Checklist – Setting up Home Office in India

I’ve recently set up my home office and it was quite an experience. There were quite a few checklists on the web but they were really not suitable for Indian conditions (are we the only ones who use a UPS? ). So here’s what worked for me. Your mileage may be different.

  1. Laptop and/or desktop: I use two – a Mac and a PC. What are the challenges I faced in migrating from a PC to Mac and why do i still use both is a topic of another post. I bought my Mac from Unicorn in Malviya Nagar. They gave me a good price.
  2. A printer: There are quite a few out there. I do a lot of research and print quite a bit. I also do a lot of scanning for expense proofs and so on. So I bought a slightly bigger printer – HP Officejet 8500. It’s an all in one MFD. Although I’m not very happy with the performance but i think that’s probably only my piece. It’s also got Ethernet connectivity and so I don’t need to keep my laptop connected to it. I can even print photographs directly from my mobile phone.   This model also has a wireless variation but I didn’t go for that because I figured that unlike my laptop, i’m not going to carry around the printer. I bought it from Nehru Place, which btw is an amazing place for such gadgets.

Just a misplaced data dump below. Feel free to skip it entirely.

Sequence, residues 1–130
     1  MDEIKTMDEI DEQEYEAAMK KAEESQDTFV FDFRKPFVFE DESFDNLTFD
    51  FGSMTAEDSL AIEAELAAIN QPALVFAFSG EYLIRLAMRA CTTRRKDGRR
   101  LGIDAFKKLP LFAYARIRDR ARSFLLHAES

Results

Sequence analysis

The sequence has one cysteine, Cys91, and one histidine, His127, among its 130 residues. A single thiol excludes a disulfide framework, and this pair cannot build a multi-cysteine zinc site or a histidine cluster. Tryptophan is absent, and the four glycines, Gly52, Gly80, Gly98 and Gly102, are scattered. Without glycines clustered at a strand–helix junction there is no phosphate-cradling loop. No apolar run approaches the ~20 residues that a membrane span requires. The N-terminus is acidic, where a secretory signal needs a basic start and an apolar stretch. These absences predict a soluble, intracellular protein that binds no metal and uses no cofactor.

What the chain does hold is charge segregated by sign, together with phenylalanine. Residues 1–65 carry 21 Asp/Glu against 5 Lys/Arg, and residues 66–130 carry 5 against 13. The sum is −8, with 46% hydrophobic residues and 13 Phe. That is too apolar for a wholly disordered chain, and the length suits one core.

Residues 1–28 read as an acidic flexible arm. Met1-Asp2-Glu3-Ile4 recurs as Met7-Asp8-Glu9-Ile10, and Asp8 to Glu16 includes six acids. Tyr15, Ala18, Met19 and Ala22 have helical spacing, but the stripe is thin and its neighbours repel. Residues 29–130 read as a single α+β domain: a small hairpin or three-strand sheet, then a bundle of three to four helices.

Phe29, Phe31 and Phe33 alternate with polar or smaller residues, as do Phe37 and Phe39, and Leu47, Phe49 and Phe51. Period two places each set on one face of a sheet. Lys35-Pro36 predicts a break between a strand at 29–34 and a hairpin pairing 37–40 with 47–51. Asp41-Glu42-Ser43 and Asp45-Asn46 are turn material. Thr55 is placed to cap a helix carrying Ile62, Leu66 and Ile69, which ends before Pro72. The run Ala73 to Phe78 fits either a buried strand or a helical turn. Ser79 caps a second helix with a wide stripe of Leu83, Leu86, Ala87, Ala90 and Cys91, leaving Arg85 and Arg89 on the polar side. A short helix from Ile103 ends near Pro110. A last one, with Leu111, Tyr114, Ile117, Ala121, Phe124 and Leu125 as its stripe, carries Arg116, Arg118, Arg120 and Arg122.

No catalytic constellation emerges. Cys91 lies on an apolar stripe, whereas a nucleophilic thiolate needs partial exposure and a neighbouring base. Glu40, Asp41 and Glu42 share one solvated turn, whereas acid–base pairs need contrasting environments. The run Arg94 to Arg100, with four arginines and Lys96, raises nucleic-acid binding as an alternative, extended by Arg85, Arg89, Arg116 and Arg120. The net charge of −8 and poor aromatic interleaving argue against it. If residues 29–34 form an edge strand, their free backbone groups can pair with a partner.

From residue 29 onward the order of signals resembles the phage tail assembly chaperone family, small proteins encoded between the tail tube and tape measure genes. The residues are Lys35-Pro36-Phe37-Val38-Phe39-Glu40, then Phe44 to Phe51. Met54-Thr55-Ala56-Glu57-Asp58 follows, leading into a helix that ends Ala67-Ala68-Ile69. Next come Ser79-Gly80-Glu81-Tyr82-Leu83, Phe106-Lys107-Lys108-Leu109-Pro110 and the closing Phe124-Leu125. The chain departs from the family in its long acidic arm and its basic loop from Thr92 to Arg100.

3. An Internet connection with unlimited bandwidth and reasonably high speed connection. The maximum speed for a reasonable price I got in Noida was from Airtel.  BSNL is just too much of a pain to get. Again, the connection quality is not too good (skype calls drop, downloads break) but their service is good and I don’t have another option.
  4. A backup internet connection. I’ve been struggling with this but haven’t found anything good yet. I have experimented with mobile broadband cards (Tata photon plus as well as BSNL EVDO). Both of them suck big time and i’ve heard Reliance is not too different. But frankly I haven’t tried that yet and they are not ready to give me a demo at my place. I also took MTNL 3g but that doesn’t work at many places even in Delhi plus recharge coupons for 3g are not available yet. I am not sure what’s up with our 3g policy – private operators are not allowed to offer 3g and public sector operators have no clue in life. So for now,  i’m still experimenting.